There’s no denying that A Christmas Story has become a holiday tradition for many families around the world. First released in 1983, the film starred Peter Billingsley as Ralphie; a young boy who wants nothing more than a Red Ryder BB Gun for Christmas. Since the film’s release, the movie has become regarded as a Christmas classic, and the original house shown in the movie has even become a museum. Many people watch the movie every year around the holiday season, with TBS even playing the movie on their station for 24 hours once a year.
Between the captivating storytelling, quirky characters, and overall filming style, A Christmas Story has stood out compared to several other similarly-styled Christmas movies. A Christmas Story has gotten a few sequels over the years, even one in 1994 directed by Bob Clark himself, but none of them have been able to live up to the original ‘80s flick. Much like other movies that are regarded as classics, A Christmas Story has a lot of fascinating trivia behind the movie that many people might not be aware of. With that in mind, here are 25 Weird Facts Behind The Making Of A Christmas Story.
25 He Didn’t Say Fudge
There are many iconic moments in A Christmas Story, but among the most popular scenes is when Ralphie says fudge. Well, Ralphie didn’t actually say fudge. He said: “The queen mother of [bad] words.” As it turns out, actor Peter Billingsley didn’t say fudge either.
In an interview with Buzzfeed, Billingsley explained that he had to say this “bad word” over and over again until they got the right take. While people usually don't hear 12-year-olds say that word, Billingsley explained that since he had been in Hollywood at an early age, that wasn’t the first time he heard or said it.
24 They Gave Billingsley Stuff They Really Shouldn't Have
While many child actors are forced to grow up too fast, Billingsley had to do something on the set of A Christmas Story that no actor should ever have to do. During the scene where Ralphie is firing at the bandits in his backyard, Billingsley was actually chewing on the real deal.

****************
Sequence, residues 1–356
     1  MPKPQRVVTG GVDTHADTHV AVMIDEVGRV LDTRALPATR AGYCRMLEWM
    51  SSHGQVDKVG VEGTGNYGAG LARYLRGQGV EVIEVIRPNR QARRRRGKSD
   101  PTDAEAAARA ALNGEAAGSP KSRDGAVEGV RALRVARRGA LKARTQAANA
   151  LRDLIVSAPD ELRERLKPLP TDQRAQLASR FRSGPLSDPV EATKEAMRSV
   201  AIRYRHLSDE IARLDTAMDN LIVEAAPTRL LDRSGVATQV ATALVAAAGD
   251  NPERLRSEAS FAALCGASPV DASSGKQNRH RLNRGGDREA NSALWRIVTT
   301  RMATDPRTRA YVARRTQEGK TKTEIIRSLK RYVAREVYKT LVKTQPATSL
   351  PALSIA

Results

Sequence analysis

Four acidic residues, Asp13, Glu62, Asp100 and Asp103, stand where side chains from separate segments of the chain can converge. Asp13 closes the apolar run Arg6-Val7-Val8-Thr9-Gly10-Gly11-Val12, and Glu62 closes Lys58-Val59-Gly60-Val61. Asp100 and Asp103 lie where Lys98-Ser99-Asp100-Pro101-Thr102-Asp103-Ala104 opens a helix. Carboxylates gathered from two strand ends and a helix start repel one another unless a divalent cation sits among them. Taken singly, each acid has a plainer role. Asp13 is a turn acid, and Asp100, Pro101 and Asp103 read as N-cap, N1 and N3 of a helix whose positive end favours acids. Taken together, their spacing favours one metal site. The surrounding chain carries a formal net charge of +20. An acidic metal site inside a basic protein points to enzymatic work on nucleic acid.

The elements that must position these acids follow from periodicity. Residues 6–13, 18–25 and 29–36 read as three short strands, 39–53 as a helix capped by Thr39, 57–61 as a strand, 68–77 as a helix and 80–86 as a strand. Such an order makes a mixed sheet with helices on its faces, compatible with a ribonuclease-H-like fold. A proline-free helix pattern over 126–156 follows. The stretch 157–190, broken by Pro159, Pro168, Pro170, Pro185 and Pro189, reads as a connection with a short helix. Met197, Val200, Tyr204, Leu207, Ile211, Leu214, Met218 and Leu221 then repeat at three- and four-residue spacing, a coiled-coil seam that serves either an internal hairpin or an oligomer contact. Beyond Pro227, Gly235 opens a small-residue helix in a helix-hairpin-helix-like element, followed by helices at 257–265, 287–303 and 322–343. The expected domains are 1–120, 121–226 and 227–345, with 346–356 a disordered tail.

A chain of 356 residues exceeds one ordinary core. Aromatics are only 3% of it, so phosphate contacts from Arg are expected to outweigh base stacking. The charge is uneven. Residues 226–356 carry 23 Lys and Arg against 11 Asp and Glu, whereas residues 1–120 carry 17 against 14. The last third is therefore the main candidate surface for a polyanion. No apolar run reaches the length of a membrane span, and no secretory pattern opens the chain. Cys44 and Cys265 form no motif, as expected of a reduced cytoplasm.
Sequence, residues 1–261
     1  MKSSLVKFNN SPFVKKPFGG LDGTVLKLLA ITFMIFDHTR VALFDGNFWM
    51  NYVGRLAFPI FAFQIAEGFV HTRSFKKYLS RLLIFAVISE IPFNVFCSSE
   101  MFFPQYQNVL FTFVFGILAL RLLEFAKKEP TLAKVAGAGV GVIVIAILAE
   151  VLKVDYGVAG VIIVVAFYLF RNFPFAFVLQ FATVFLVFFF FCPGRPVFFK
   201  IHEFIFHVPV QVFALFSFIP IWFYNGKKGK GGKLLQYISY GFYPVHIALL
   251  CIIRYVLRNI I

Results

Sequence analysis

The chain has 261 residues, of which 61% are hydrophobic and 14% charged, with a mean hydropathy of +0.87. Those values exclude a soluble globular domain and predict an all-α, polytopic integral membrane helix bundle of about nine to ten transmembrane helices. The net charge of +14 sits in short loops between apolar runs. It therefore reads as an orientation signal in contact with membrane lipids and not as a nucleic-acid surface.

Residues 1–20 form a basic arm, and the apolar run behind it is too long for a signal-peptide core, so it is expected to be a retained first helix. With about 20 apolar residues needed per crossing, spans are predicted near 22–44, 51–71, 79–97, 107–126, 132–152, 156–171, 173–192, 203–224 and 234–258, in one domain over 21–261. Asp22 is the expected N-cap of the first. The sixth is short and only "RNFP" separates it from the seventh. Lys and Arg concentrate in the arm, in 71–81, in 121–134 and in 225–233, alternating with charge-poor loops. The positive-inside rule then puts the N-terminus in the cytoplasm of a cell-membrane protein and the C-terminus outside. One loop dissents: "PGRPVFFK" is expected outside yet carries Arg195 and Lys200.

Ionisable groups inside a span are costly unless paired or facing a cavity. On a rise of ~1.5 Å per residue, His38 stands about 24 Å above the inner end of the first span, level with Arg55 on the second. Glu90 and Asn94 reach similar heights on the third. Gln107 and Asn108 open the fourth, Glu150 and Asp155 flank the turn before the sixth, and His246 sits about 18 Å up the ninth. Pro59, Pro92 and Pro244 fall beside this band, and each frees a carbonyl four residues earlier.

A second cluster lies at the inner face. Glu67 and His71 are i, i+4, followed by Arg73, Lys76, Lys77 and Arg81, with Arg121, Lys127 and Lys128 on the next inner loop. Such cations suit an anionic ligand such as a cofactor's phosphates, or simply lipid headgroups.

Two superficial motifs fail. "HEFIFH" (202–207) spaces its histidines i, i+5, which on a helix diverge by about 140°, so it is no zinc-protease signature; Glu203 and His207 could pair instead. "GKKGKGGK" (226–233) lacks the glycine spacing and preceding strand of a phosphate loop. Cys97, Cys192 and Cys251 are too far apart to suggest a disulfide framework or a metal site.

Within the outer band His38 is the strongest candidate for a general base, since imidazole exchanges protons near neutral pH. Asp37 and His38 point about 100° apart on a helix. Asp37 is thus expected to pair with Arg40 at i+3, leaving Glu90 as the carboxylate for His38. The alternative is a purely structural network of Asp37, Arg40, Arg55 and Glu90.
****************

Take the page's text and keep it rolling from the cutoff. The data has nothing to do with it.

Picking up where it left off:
Most actors chew on black licorice to make it seem like they are chewing the same stuff Cowboys did, but the prop department on A Christmas Story gave the child actor something they legitimately shouldn't have. Billingsley explained that he got really dizzy, started sweating, and his lips started burning on set.
23 The Film Was Mainly Filmed In Cleveland and Toronto
Most movies film in several different cities to get the desired scenery for shots, and A Christmas Story was no exception. The film is supposed to take place in Northern Indiana in a town called Holman, but the film was mainly filmed in Cleveland, Ohio and Toronto, Ontario.
The Parker residence was filmed at 3159 W. 11th St., Cleveland, OH 44109 near downtown Cleveland, which has since been turned into a museum dedicated to the film. That being said, many of the interior shots of the house and the Christmas tree shopping scene were filmed in Canada.
22 Ralphie Teamed Up With Flash Gordon In A Deleted Scene
When a film goes through the editing process, many scenes are cut down or even taken out completely to fulfill a certain runtime. This means that sometimes, the filmmakers' full vision doesn’t make it to the big screen, but will show up in deleted scenes instead.